Feast Day : January 5 (United States); May 16 (elsewhere)
Also known as: John Henry Cardinal Neumann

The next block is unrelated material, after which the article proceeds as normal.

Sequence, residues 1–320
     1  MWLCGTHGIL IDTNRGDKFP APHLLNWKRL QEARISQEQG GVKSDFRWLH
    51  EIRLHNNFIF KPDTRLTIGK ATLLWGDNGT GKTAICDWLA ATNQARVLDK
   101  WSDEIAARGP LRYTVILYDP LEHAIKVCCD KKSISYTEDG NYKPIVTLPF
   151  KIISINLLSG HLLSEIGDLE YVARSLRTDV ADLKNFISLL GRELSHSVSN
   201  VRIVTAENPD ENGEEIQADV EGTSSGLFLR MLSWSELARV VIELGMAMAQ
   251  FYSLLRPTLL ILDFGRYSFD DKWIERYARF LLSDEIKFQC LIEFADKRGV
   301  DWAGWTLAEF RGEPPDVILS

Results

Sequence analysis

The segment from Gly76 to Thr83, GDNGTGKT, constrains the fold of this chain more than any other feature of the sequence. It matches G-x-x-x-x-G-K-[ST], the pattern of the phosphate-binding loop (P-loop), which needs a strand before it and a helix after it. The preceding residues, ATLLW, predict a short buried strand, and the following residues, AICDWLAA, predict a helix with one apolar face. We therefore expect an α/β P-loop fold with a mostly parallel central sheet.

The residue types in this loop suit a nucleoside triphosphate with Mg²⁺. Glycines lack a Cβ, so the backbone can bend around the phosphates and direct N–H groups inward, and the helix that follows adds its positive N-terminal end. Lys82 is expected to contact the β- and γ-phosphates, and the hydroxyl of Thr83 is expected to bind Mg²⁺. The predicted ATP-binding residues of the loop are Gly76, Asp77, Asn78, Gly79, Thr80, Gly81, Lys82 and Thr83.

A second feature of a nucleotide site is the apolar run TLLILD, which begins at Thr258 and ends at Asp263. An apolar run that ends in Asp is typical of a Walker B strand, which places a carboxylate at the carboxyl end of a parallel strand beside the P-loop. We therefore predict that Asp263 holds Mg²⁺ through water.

John Nepomucene Neumann was born in Prachititz, Bohemia (in what is now the Czech Republic), on March 28, 1811, the third of six children of a German father and Czech mother. He was named after the 14th-century Bohemian martyr St. John Nepomucene. John began his studies at the diocesan seminary in Budweis in 1831, but two years latter transferred to the Charles Ferdinand University in Prague. When he had completed his studies but found his ordination postponed due to an overabundance of clergy in his diocese, he decided to go to America as a missionary. He arrived in New York City in June 1836, was ordained by Bishop James Dubois on June 28, then sent to work among German-speaking Catholics clearing forests in upstate New York. After four years of this work, he entered the novitiate of the newly established branch of the Redemptorists at Saint Philomena’s in Pittsburgh, Pennsylvania. He made his vows in Baltimore, Maryland, in 1841, becoming the first Redemptorist to do so in the United States. John continued his missionary activities as a preacher in Maryland, Ohio, Pennsylvania and Virginia, but he was destined for greater things. In 1844, he became rector of Saint Philomena’s; in 1847, he was named vice regent and superior of the American Redemptorists; and then in 1852, Pope Pius IX (r. 1846–78) appointed him the fourth bishop of Philadelphia. As bishop, John reorganized his diocese, establishing new parishes and inaugurating a widespread program of new construction, including 100 new churches and 80 new parochial schools. He also began work on a cathedral. To staff the schools and an orphanage, he founded the School Sisters of Notre Dame, who observe the rule of the “active” Franciscan Third Order, and attracted a number of other teaching orders. John also introduced the devotion of 40 hours, wrote extensively and produced two catechisms that were endorsed by American bishops at their first plenary council in 1852 and were very popular in their day. John died of a stroke while walking on Vine Street in Philadelphia on January 5, 1860. A little more than a century later, he became America’s first male saint.